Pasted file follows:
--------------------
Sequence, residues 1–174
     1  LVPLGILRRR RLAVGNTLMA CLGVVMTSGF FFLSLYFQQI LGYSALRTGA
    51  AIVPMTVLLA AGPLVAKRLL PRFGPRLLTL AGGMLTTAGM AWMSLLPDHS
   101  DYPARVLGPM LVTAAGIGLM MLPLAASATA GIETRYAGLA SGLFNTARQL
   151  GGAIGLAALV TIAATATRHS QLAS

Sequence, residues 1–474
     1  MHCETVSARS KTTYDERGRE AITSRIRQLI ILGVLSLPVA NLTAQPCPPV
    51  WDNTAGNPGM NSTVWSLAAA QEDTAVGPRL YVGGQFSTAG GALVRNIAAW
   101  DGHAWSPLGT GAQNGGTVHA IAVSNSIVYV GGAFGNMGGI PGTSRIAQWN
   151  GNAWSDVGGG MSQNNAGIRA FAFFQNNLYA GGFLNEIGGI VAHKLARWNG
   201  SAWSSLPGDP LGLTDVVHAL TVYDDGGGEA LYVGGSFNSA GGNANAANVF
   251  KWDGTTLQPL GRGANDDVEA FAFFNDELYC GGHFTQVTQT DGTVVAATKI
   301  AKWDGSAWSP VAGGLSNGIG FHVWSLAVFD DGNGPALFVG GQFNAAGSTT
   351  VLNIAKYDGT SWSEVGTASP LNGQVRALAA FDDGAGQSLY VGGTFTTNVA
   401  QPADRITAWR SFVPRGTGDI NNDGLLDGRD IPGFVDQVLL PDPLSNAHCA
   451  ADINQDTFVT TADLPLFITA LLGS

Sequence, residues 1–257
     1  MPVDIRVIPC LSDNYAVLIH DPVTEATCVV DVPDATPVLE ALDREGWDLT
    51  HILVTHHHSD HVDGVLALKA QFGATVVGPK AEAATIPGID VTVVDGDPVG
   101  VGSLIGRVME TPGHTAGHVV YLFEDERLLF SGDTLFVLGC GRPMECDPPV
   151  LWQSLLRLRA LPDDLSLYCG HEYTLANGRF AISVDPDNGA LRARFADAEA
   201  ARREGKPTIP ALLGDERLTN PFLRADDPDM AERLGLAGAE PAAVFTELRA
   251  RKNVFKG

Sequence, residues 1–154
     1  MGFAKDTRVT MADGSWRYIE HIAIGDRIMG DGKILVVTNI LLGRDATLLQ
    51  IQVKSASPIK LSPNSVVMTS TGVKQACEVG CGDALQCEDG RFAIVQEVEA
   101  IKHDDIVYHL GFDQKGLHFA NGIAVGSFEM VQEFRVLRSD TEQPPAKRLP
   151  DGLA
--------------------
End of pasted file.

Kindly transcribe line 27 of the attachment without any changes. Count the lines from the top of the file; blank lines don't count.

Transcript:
   101  IKHDDIVYHL GFDQKGLHFA NGIAVGSFEM VQEFRVLRSD TEQPPAKRLP